It still makes sense they'd use it more than the player, in many cases - especially patrols that have access to faction resources and usually stay in-system anyway.

Back to bombardments, if the AI were to start using them, defenses would factor into its evaluation of whether it's cost-effective, or even possible, to do so. For example, a very basic calculation might be "if fuel cost is greater than 25% of fuel capacity, don't bombard". Whether there's an *actual* fuel cost is pretty much irrelevant here, you know? It's an implementation detail.

Also also, about the campaign objectives such as the nav bouy aiding burn speed. Right now the burn speed differences between the average capital and average frigate is only 4 (7-11) speed. I have a bit of concern about an enemy faction owning a domain nav beacon in a mixed ownership system like Valhalla/Ragnar(Heg/Tri) since that would allow a cruiser fleet to keep pace with a frigate fleet burn wise on top of the AIs penchant for spamming E-burn which can really hurt a newer player's ability to avoid larger destructive fleets.

Hmm - we'll see, I guess! I think the player's more intelligent use of Sustained Burn gives them enough of an edge to deal with just about anything, and a new player generally shouldn't be hostile with a faction that owns a Domain buoy. But that it's a consideration/concern is arguably good, since it means the effect is enough to be strategically meaningful, and will affect the player's decision making, which is ultimately the goal.

Thank you for taking the time out to answer these questions. I really enjoy the game and appreciate the effort you put into it!

Thank you!
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Deshara

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Re: Raids, Bombardments, and Planetary Defenses
« Reply #127 on: August 22, 2018, 11:30:07 AM »

in order to do a tactical bombardment you'd need guidance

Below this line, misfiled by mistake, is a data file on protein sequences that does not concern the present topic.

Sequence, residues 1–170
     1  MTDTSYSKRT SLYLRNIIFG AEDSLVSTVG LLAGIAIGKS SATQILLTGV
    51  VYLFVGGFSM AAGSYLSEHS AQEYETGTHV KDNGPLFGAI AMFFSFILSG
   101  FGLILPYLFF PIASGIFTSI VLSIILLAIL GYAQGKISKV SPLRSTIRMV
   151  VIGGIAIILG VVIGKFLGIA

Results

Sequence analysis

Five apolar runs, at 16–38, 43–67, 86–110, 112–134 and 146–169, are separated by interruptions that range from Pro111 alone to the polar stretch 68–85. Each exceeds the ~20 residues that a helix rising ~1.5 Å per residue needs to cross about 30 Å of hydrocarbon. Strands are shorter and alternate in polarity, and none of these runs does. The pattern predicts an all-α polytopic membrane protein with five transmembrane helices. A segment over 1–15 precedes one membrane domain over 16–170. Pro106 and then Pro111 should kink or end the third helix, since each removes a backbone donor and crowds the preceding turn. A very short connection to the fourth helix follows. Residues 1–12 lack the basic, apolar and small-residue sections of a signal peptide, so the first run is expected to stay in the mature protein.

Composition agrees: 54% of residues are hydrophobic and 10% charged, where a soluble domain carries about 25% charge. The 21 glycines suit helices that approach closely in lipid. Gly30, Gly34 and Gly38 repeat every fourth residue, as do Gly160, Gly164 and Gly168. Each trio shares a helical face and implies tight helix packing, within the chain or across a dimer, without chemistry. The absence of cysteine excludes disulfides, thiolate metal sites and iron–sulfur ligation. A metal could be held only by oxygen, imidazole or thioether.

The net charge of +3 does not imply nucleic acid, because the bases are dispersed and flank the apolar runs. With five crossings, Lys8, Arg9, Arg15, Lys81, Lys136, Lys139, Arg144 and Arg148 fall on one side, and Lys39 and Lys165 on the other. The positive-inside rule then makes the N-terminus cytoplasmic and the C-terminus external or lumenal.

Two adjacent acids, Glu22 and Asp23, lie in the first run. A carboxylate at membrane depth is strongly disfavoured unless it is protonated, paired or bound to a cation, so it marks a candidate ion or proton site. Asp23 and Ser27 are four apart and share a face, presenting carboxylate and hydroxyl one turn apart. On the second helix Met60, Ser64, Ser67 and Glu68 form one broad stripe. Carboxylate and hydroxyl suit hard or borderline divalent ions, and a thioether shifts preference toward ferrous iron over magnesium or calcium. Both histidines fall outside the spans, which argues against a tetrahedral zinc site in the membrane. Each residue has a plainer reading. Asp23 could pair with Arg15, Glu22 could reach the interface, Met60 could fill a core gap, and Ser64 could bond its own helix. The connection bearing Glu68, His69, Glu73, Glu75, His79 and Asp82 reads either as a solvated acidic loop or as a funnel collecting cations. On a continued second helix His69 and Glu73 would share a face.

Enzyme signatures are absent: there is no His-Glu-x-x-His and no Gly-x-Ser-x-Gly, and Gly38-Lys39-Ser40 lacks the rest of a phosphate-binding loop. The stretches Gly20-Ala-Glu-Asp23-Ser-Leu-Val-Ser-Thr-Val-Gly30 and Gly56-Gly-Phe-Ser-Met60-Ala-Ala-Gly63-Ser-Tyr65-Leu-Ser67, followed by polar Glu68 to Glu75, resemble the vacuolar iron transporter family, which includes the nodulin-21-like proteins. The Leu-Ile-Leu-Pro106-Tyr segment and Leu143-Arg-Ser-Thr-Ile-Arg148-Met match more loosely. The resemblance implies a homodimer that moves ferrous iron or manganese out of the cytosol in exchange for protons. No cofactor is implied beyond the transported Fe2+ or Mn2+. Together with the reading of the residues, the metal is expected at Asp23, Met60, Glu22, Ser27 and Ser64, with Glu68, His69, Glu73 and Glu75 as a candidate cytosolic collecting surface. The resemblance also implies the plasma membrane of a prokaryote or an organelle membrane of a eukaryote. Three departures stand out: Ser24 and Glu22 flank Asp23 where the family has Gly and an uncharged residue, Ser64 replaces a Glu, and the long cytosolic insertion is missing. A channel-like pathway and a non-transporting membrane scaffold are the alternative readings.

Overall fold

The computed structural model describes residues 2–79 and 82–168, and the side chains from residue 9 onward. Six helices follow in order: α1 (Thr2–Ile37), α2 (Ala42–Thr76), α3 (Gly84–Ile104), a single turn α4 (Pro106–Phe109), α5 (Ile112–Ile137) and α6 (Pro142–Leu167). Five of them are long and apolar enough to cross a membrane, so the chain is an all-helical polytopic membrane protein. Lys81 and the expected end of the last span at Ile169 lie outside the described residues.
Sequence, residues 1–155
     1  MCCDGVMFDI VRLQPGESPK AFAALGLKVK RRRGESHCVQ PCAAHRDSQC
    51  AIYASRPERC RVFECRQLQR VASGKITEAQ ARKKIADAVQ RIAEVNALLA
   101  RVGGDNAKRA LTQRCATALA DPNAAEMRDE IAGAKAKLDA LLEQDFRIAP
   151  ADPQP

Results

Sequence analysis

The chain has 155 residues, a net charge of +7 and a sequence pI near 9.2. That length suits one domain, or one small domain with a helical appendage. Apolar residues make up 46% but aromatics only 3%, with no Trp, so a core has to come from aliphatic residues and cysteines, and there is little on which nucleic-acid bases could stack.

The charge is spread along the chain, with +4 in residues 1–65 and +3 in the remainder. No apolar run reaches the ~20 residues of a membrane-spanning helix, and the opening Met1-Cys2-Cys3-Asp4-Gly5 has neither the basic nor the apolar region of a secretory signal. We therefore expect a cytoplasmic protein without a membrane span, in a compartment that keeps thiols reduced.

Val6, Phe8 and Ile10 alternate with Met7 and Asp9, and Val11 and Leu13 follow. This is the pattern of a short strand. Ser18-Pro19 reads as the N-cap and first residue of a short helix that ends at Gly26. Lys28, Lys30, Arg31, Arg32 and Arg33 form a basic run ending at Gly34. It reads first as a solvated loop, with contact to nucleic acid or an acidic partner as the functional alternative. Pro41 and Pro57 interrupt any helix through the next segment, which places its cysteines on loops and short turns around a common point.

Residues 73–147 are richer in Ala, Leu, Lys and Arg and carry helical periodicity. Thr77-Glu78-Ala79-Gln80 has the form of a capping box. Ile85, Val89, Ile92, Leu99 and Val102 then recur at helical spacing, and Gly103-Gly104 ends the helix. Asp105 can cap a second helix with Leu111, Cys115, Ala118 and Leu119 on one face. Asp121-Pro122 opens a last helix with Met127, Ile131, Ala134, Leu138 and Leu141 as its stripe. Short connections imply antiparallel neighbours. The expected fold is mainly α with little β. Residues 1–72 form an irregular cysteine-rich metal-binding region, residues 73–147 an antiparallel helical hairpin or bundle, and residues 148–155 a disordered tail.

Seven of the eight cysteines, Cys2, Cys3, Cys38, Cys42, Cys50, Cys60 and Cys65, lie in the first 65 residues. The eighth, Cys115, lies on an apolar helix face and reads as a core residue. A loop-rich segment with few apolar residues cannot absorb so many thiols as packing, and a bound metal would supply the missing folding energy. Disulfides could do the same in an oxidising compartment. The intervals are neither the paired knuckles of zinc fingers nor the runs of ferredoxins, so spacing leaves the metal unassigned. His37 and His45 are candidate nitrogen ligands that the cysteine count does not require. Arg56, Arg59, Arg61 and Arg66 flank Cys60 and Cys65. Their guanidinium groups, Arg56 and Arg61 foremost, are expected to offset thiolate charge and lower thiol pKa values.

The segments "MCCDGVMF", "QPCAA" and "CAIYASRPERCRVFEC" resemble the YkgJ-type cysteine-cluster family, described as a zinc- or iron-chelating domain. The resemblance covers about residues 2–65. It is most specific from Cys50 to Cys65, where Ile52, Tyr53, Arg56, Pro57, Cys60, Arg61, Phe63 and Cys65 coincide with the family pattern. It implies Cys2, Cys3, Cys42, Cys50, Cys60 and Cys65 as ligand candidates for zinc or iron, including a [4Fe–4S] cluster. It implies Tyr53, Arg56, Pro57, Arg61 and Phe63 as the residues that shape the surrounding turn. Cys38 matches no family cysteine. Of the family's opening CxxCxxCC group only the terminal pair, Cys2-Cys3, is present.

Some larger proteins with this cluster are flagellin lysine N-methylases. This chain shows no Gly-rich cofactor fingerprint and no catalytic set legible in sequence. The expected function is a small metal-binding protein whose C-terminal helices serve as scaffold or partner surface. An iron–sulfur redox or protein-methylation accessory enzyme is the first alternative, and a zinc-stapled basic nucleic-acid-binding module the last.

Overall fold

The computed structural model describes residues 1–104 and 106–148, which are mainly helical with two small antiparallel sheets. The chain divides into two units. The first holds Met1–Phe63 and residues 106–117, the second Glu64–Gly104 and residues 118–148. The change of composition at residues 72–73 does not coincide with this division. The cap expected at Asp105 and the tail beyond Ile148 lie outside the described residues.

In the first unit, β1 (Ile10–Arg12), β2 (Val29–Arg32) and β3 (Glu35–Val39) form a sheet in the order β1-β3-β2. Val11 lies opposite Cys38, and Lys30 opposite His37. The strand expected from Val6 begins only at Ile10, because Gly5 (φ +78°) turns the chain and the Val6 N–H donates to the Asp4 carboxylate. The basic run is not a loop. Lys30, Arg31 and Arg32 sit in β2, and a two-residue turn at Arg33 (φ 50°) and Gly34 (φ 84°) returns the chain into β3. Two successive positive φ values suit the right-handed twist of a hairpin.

You are bombing static targets at the surface of the planet. The only thing you need is to calculate a proper trajectory.

yes, obviously it's trivial to hit a target that isn't moving, from about 24,000 feet. how ridiculous of me to think that you would need either guidance or a giant formation of bombers carpet bombing entire cities.

i mean obviously look at these morons. just drop your unguided bomb. the target is stationary. shifting wind bands? uncertainty about your and targets' real positions, and efforts of defenders to kill you? obviously these are trivialities. target is stationary, therefore easy  ::)

Hypothetical; which is easier? Going from orbit to land, or going from the ground to orbit?
Which presents a follow-up question; which is easier; shooting a ship in orbit from the ground, or shooting a building on the ground from orbit?

In fact, you bring up an interesting example in WW2; they had the means to bomb with about as much accuracy as we do today. Malcom Gladwell did a thing on it. They spent millions on a device and then installed the device in every bomber. They trained every pilot in the fleet to use this device, and then noticed... nothing. People still couldn't hit crap, so they tested and re-tested and re-tested this device and confirmed that, no, the device works perfectly in calculating fall trajectory so well that you can hit a watermelon from the upper atmosphere, even usually without accounting for wind. So what was the problem?
People weren't using it.

The reason that bomber accuracy has increased since then isn't because the aiming techniques have gotten better, we've just removed people from the equation more and more.
I mean, today you could knock a person's hat off with a (unarmed) bomb from a passing jet in the upper atmosphere without hurting the person, consistently. Probably today it'd not even be that hard to de-orbit a bomb from outside the atmosphere (we already de-orbit stuff way more than you'd think (we've already de-orbited a space station, fun fact) and the reason you don't hear about all the satellites we drop is bc we're good at not hitting stuff with them by accident), and we're not even a space-faring civilization.